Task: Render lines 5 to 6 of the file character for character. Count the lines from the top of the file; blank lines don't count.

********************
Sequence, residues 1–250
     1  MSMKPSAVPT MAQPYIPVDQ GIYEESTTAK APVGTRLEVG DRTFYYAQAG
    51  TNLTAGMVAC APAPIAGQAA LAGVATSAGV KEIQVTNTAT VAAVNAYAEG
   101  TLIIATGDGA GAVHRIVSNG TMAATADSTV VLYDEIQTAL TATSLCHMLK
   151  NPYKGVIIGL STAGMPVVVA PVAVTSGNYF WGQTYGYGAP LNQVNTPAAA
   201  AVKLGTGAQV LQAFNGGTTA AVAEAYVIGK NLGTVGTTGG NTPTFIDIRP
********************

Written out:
   151  NPYKGVIIGL STAGMPVVVA PVAVTSGNYF WGQTYGYGAP LNQVNTPAAA
   201  AVKLGTGAQV LQAFNGGTTA AVAEAYVIGK NLGTVGTTGG NTPTFIDIRP